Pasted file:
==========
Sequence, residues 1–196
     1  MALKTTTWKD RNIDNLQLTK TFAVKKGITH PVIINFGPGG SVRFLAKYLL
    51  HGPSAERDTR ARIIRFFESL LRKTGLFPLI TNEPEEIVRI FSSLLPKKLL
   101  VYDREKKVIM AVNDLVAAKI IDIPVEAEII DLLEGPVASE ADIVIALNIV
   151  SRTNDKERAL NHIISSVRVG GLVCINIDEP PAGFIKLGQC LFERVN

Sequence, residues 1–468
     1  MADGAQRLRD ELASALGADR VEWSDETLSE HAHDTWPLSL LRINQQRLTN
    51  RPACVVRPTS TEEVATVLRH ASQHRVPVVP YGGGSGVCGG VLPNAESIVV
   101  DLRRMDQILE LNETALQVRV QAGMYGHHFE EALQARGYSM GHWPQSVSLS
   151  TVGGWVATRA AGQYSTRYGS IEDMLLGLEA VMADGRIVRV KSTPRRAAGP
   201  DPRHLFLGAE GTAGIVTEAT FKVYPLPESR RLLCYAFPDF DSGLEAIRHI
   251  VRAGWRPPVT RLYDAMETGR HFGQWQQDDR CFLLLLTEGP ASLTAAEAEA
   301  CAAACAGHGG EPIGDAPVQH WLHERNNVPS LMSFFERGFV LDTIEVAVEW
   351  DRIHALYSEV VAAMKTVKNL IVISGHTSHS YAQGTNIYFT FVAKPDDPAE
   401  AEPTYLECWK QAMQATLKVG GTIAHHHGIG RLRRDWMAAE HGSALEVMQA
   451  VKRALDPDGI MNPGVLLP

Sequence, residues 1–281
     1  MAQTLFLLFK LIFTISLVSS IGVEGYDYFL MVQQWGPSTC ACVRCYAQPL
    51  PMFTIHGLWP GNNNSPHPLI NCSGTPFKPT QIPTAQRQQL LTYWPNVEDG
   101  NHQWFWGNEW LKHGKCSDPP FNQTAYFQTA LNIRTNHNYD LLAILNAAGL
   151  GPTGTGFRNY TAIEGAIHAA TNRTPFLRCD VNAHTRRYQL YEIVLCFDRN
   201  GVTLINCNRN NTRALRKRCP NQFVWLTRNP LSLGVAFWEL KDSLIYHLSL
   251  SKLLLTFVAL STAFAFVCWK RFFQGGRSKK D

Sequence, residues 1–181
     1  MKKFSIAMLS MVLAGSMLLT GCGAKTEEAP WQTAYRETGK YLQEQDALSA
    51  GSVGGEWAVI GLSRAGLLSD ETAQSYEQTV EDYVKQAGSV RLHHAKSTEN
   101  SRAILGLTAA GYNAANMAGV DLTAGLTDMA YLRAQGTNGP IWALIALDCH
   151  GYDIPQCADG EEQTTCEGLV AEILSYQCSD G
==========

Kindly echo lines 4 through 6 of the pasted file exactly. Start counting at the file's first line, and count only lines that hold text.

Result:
   101  VYDREKKVIM AVNDLVAAKI IDIPVEAEII DLLEGPVASE ADIVIALNIV
   151  SRTNDKERAL NHIISSVRVG GLVCINIDEP PAGFIKLGQC LFERVN

Sequence, residues 1–468